By JAN LARSON McLAUGHLIN
BG Independent News
The food truck discussions in Bowling Green may be cookin’ but they are still far from complete. During the seven meetings held so far on the topic, there’s been talk about peeling back the layers of an onion, putting meat on the bone, taking the issue off the back burner, and peppering the ordinance with certain language.
Yet, the food truck issue remains simmering in a slow cooker.
“It’s just the nature of Bowling Green to be cautious,” said City Council member Sandy Rowland, who is working with council members Bill Herald and John Zanfardino on the food truck regulations.
But time is running out if the city wants food trucks to operate in the community this summer.
“I think seven meetings is an awful long time,” Rowland said during last week’s food truck meeting.
Rowland suggested that an ordinance be drafted by the city attorney and presented at next week’s City Council meeting. But Herald balked at that idea.
“We’ve been meticulous, we’ve been balanced,” Herald said, urging his two fellow committee members to resist rushing to the finish line before the ordinance is ready.
The varying work styles of committee members became even more apparent last week, with Herald referring to his 168-page report, and Rowland presenting a one and a half page draft permit for food truck vendors.
“I’m hoping we can do something to attract them before 2019,” Zanfardino said, with some frustration. “I believe in the benefit they bring to the entire city.”
But Zanfardino echoed Rowland’s description. “Bowling Green is very cautious and very slow to move,” he said.
During last week’s meeting, like the six before, the council committee members listened to concerns from food truck vendors, brick and mortar restaurant owners, and citizens.
Max Hayward questioned why the food truck proposal did not allow vendors to set up anywhere along Main or Wooster streets in the downtown area. He called that an “unnecessarily restrictive rule” that could doom food trucks to failure.
Bowling Green is being “needlessly conservative and cautious,” Hayward said.
Phil Barone, who owns a food truck and the restaurant, Rosie’s Italian Grille, said hiding food vendors will not work. “Food trucks need to be seen,” he said.
But Herald said there is not enough room and too much traffic to allow food trucks in the area of the downtown four corners.
“One of the main things we have to be concerned about is safety,” he said.
Owner of the Qdoba restaurant on South Main Street downtown, Nadya Shihadeh, suggested that food trucks not be allowed to set up too close to restaurants that are “paying the taxes, paying the rent.”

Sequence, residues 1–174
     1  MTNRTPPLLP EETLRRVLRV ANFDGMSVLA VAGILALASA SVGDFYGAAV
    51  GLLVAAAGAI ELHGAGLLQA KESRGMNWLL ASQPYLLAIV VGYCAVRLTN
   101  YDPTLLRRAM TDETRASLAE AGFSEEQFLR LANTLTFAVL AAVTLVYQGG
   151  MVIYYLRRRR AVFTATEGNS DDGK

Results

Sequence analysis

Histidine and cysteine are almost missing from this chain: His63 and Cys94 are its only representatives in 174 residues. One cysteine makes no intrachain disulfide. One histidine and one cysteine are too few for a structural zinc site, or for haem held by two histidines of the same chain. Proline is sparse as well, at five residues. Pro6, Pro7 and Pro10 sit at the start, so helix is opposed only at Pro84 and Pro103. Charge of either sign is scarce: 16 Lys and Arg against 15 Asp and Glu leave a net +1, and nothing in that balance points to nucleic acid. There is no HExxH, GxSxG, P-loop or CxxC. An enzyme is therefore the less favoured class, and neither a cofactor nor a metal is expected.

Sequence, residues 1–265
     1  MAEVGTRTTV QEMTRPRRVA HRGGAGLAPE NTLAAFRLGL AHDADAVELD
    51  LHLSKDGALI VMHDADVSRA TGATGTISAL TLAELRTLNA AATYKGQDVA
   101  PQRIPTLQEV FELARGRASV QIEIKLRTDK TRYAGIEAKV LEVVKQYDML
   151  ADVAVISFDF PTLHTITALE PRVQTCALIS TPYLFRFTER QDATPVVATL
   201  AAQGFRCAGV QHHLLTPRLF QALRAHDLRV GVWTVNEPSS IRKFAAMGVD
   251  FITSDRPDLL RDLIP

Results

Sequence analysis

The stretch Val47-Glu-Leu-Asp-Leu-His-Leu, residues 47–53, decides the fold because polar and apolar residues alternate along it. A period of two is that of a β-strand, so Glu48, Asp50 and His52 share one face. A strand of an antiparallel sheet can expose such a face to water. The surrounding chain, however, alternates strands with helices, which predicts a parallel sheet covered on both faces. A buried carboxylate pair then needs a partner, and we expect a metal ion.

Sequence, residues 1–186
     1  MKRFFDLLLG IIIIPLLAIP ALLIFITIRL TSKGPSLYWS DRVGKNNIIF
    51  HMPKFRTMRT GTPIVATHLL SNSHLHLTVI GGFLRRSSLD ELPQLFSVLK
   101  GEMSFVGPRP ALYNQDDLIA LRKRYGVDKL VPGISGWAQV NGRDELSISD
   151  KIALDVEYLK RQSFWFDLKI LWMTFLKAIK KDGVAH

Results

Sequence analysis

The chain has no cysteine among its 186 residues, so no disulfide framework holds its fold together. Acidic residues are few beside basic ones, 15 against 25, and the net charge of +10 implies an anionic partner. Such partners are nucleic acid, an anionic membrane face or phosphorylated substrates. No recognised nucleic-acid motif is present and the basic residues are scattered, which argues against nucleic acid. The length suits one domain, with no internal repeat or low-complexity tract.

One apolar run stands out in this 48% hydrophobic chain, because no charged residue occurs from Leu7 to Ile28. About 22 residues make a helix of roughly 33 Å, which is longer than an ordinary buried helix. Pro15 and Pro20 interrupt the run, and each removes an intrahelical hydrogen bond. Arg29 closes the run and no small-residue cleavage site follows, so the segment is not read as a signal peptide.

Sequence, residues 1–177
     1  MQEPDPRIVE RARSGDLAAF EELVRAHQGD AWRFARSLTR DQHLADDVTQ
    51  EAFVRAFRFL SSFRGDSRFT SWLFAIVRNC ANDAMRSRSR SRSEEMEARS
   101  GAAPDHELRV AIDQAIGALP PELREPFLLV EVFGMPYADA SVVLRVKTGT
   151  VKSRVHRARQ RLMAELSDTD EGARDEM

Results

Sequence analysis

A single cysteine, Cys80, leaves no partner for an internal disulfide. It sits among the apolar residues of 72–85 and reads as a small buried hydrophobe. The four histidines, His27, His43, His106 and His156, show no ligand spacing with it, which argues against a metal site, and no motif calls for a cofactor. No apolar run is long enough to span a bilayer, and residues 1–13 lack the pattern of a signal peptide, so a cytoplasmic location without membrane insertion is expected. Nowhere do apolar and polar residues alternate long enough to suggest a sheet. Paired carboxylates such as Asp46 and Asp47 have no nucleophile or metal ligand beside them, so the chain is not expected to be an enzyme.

“I would still be OK with food vendors parking out back, but I don’t want it right in front of my store,” Shihadeh said. “It’s been hard to make it in the downtown as a restaurant owner.”
Zanfardino said some cities have no distance requirements for food trucks, and others require them to set up at least 1,000 feet away from a restaurant, which is “ludicrous,” he said.
Hayward said allowing the food trucks in the downtown will bring customers to the area and help other businesses as well.
Citizen Ann Beck said the food trucks could keep local residents from heading out of town for dining opportunities. “Nobody wants to put restaurants out of business,” she said.
Barone said local food truck owners don’t set up right in front of restaurants.
“I would never do that, nor would anyone in my association,” he said. “That’s just tacky.”
Barone also stressed that food trucks serve from the passenger side, next to sidewalks, not into the street.
Another citizen, Sara Ghaffari, said she didn’t understand the animosity from restaurant owners toward mobile food vendors. She moved here six years ago as a student, and has considered starting up a food truck business.
“I was shocked there were no food trucks in this town,” she said, adding that the city might have more entrepreneurs if it supported such efforts.
“Bowling Green has a very negative reputation for food trucks,” Barone said. “I graduated from here. I have a special love for it.”
Rowland agreed that food truck options could attract young residents and students. “It’s going to help us grow and bring in millennials,” she said.
Some of those present suggested that the best time for food trucks in downtown might be late night, when most of the brick and mortar restaurants are closed, but the bars are still open.
That could be a “bounty of business,” said Garrett Jones, owner of Reverend’s.
Others agreed, calling 11 p.m. to 2 a.m. at “sweet spot” for food trucks downtown. Food trucks would give students an option rather than hitting Taco Bell on their way back to campus, someone said.
Both Herald’s report and Rowland’s draft permit can be viewed on the city’s website. The permit covers such issues as locations, permit fees, vendor licenses, signage, liability insurance, and income tax registration.